The battle to raise taxes again is underway in Illinois. Politicians and special interest groups across the state have put a plan in motion to implement yet another income tax hike in Illinois – one that targets the state’s working- and middle-class residents.
Politicians already pushed through a record income tax increase in 2011. The problem is they failed to keep any of the promises they attached to that tax hike. Now, instead of being held accountable for those failures, they want to push taxes even higher in Illinois.
Here are the details on what’s happened so far:
The “secret plan” turned into legislation
A little more than a year ago, one political news outlet in Illinois was trying to brush the progressive tax hike proposal under the rug, dubbing it some sort of make-believe “secret plan” to raise taxes.
Illinois House and Senate Republicans stand united against progressive tax
Illinois’ flat-rate income tax is protected in the state’s constitution. To swap out the flat-rate income tax for a progressive tax, the Illinois General Assembly would need to pass a constitutional amendment – requiring a supermajority vote (71 votes in the House and 36 in the Senate).
That means to stop a progressive tax in Illinois, 48 members in the House and 23 in the Senate would need to oppose the measure to prevent a supermajority vote.
Fortunately, the Republican caucus released this year a press release announcing that all the Republican members in the Illinois General Assembly publicly oppose a progressive tax.
With the support of one Democrat member in the House, 48 state Republicans in the House oppose the progressive tax – the number of members required to demonstrate that there is enough support to block a progressive tax in Illinois.
Illinois Policy Institute influencing the debate
The Illinois Policy Institute has relentlessly fought the progressive tax hike with policy reports, op-eds, blogs, digital strategy and events across the state. And it’s working.
Proponents of a progressive income tax in Illinois have publicly expressed their frustration with the impact that the Illinois Policy Institute is having on this debate. State Rep. Naomi Jakobsson issued a press release stating that “The Illinois Policy Institute is blanketing the state,” and complained about how effective we have been at countering the progressive tax message at every turn.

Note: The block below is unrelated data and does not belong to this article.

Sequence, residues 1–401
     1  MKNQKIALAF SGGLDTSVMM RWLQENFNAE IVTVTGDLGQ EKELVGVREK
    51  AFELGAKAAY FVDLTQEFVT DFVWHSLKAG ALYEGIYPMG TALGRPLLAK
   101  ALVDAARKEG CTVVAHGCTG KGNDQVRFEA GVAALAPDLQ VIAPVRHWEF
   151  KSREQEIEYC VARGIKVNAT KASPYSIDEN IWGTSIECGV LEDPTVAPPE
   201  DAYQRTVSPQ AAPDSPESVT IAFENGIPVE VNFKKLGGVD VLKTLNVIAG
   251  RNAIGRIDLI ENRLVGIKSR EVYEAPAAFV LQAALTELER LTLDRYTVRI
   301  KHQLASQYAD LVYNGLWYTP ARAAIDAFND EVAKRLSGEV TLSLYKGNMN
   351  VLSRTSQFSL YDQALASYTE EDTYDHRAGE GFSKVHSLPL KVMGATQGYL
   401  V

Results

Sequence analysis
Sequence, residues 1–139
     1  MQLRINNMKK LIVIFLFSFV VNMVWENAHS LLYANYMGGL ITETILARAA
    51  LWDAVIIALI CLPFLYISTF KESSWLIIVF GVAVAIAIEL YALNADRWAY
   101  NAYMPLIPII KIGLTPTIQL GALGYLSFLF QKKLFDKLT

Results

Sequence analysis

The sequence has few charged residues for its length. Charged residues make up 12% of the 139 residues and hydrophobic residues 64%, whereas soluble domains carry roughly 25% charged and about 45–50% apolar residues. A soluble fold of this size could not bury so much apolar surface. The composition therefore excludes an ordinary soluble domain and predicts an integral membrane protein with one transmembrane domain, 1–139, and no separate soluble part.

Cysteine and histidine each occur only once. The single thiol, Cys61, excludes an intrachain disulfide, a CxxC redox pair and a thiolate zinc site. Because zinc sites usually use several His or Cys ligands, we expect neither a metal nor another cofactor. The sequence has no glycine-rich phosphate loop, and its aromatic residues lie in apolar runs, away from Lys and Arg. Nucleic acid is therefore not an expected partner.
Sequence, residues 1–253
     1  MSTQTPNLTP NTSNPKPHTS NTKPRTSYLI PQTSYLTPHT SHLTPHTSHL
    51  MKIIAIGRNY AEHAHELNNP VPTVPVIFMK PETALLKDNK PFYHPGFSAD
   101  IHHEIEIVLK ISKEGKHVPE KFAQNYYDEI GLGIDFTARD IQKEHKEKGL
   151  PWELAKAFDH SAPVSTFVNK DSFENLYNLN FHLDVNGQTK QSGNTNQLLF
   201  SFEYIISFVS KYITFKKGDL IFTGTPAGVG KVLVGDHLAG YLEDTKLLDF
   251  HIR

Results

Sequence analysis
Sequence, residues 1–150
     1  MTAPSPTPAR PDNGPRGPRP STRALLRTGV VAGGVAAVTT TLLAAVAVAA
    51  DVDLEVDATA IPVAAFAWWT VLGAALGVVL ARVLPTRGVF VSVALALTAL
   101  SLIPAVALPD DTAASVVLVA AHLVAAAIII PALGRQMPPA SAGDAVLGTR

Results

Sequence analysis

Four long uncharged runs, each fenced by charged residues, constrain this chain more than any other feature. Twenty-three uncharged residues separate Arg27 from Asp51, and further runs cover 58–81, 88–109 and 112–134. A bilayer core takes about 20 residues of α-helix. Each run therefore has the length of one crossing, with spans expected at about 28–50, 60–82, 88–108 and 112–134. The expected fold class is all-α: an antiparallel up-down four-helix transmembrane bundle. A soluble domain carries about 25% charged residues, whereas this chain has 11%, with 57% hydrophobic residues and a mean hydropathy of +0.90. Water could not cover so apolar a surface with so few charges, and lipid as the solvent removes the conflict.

Progressive tax rates endorsed
Special interest groups teamed up with lawmakers to convince Illinoisans to vote for a progressive income tax without knowing what the rates will be.
Asking lawmakers to decide on the tax rates later on is sort of like buying a car and letting the dealer decide the interest rate on your auto loan after you’ve already signed the paperwork – you never know what you’ll end up paying.
But not committing to tax rates was a strategic move. It allowed tax-hike advocates to sell their proposal as something it wasn’t – a tax cut.
In October 2013, Jakobsson finally endorsed a rate structure. The income tax rate in Illinois is legally required to sunset to 3.75 percent in 2015. Under Jakobsson’s plan, a higher 4 personal marginal rate kicks in for people earning more than $18,000. Marginal rates increase again to 5 percent after $36,000, to 6 percent after $58,000 and again to 7 percent after $95,000. These rates attack Illinois’ working and middle classes.
Sign the petition
The Illinois Policy Institute launched an anti-progressive tax petition online. The petition has received more than 4,500 signatures.
The progressive tax debate will most certainly continue in 2014. Lawmakers will try to pass a progressive tax and put it on the ballot for the fall election. But make no mistake – a progressive income tax would be a disastrous blow to Illinois’ already struggling economy. Taxpayers must work together to stop the next Illinois tax hike.
Benjamin VanMetre is Senior Budget + Tax Policy Analyst at the Illinois Policy Institute